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[whitespace] 'Mad Love'
Photograph by Ignacio De Amo

Queen Quirky: Pilar López de Ayala goes around the bend in 'Mad Love.'

La Vida Loca

History geeks take note: Queen Joan wasn't mad, she was just Castilian, in 'Mad Love'

By Richard von Busack

THE SPANISH soap-opera Mad Love takes a shot at reviving the woman's-picture costume drama, but it may be too late for today's audiences. Except for Shekhar Kapur's Elizabeth, very little in the field has succeeded of late. Even 1994's Queen Margot inexplicably failed to excite audiences, although it featured Isabelle Adjani masked and trolling for casual lovers on the ramparts of Paris. And I suppose the St. Bartholomew's Day Massacre wasn't good enough entertainment for you scruffs, either. Come to think of it, the public stayed away in droves from Intolerance, too, when D.W. Griffith staged that particular interfaith meeting.

Some, though, can't wait for films that begin with a cluster of velvet-gowned beardoes scattered by a travel-stained messenger who rushes in with the breathless news that "Frederick the Elector of Saxony is dead!" Math geeks (A Beautiful Mind) and philosophy geeks (Mindwalk) get their share; history geeks look up and are not fed. Unfortunately, Mad Love (a.k.a. Juana la Loca) isn't the film we've been waiting for.

The tale is a peculiarly uncinematic one: a story of a royal mope who spent most of her life entombed in a castle, brooding over the memory of her lost love, Philip of Hapsburg. Juana/Joan--who, historians agree, wasn't a victim of male perfidy but genuinely cuckoo-for-cocoa-puffs--may have really made her mark by foaling the Emperor Charles V, one of Europe's most important landlords. By bearing Hapsburg children, she also did her part for the cause of inbreeding.

The film opens with the old Joan, cloistered, contemplating Philip's portrait: "I perceive the odors of his armpits," she says in voice-over. It's a reverie an actress might just about get away with in bed, but not mooning over a painting. The film is also cloistered. It's almost all set in the gloomy Iberian court of Castile in the early 1500s, except for the parts that are set in the similarly overcast castle somewhere in the Lowlands.

Maybe this epic by Vicente Aranda is saying is that Joan wasn't mad, she was just Castilian. Joan (coltish Pilar López de Ayala) is an innocent girl shipped out to Flanders and given in marriage to Philip of Austria (Daniele Liotti, who wavers from ridiculously handsome to ridiculously ridiculous).

Joan's woes begin when the coldblooded locals don't seem to understand hot-blooded passion. The lady's public fuss over her husband's many infidelities amuses the court. But they stop laughing when Joan takes a pair of scissors to the fancy hair of a lady-in-waiting whom Joan noses out as one of her husband's lovers. When her mother dies, Joan heads back to Castile as the queen, with Philip as regent; they're escorted by her handpicked retinue of ugly ladies-in-waiting. Naturally, though, Philip finds sport there, as Juana simmers, boils and carries on like a mad woman.

Ferdinand and Isabella, Columbus' patrons and Joan's parents, steal the show. Isabella (Susy Sánchez) delivers a bitter-clever piece of double-meaning dialogue about how a royal marriage is endured. And Héctor Colomé as Fedinand grumbles his way through that reliable medieval movie prop, a giant roast turkey leg. This Ferdinand, taking with his mouth full, greedily slurping his wine, seems to be the only royal around with any interest in power. Pursuing the idea of nobles as people with a job to do might have livened up Mad Love better than the many bad sex scenes.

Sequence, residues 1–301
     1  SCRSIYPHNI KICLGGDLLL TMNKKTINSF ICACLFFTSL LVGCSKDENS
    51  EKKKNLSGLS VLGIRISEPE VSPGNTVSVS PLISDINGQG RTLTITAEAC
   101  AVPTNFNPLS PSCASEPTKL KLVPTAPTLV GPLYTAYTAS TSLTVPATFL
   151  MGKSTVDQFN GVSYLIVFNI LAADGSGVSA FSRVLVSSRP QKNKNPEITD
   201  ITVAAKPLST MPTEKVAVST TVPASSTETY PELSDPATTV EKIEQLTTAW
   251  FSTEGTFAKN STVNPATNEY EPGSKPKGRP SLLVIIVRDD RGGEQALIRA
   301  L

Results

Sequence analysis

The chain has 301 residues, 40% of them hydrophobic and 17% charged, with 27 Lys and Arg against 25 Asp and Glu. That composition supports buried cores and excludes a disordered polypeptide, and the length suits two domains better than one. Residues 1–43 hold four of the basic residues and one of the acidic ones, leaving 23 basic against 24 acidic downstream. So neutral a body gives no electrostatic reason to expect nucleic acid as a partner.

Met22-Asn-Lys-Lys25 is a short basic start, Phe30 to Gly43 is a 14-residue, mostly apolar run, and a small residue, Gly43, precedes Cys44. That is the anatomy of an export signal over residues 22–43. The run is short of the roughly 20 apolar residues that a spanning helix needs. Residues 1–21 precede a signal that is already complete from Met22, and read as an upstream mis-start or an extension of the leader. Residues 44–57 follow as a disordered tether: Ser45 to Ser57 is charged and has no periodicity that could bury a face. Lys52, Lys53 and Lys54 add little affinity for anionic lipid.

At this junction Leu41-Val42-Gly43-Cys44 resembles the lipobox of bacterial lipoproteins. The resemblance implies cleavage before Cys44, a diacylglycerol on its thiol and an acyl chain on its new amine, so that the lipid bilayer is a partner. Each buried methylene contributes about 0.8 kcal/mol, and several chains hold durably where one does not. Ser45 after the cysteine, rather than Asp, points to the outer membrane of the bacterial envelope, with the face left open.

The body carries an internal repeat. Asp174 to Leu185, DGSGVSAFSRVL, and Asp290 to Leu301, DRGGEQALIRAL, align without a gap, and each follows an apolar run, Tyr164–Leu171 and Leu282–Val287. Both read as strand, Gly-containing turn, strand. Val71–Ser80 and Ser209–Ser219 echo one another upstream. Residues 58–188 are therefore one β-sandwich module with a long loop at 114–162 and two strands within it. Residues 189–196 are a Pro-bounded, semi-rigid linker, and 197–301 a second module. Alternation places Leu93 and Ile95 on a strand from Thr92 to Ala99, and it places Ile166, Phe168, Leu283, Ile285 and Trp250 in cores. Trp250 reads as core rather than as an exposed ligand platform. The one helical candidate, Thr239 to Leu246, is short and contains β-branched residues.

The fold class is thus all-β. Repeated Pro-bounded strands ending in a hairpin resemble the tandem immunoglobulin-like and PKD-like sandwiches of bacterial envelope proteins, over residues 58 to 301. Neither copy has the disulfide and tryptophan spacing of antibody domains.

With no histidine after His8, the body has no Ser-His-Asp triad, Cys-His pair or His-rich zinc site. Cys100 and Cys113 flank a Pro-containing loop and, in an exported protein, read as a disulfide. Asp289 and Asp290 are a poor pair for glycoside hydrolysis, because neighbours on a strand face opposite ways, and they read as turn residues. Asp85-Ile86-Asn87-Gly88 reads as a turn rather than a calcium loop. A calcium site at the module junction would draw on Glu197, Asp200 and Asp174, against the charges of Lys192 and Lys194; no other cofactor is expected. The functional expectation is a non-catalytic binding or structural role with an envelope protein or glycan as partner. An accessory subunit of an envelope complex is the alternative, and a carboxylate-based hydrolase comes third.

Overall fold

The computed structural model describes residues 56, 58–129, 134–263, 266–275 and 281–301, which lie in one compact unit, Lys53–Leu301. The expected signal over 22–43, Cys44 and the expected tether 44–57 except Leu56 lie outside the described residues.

Philip has some bouts with a stacked Moorish belly dancer, Aixa (Maneula Arucri), who bewitches the lord with some kind of magic coin that invokes Satan. (Lesson: Muslims worship the devil.) Following her successfully cast spell, Aixa turns up at court pretending to be a Spanish noblewoman ... and Joan may be crazy, but she's not dumb. The peasants turn up exactly once. The queen, in trouble, appeals to her people. They troop into the castle, very orderly, and kneel; it's as if Her Majesty has been keeping all of her subjects in the wardrobe.

The writing is clubfooted ("The people give an enthusiastic welcome to their monarchs," intones the narrator, as we see the people give an enthusiastic welcome to their monarchs). And the direction is dead as a Spanish mackerel, right from the opening shot of a long procession that, at length, proceeds past a stock-still camera.

The film's moral--"I believe you're not in love if you're not jealous"--has little chance of appeal, except, maybe, to Prozac Nation author Elizabeth Wurtzel, who could twist Mad Joan into an inconvenient woman heroine who made her own law. Or maybe to that percentage of The Rules fanciers who are also Spanish history buffs.

Whoever takes a fancy will have to be unbothered by the coarse moments, like the ladies-in-waiting having a nipple-rouging party. Making Joan a creature who allowed herself to be walled up for love, goes beyond anti-feminist to antediluvian anti-feminist. History may not be bunk, but Mad Love sure is.


Mad Love (R; 117 min.), directed and written by Vicente Aranda, photographed Paco Femenia and starring Pilar López de Ayala and Susy Sánchez, opens Friday at the Towne Theater in San Jose.


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From the September 5-11, 2002 issue of Metro, Silicon Valley's Weekly Newspaper.

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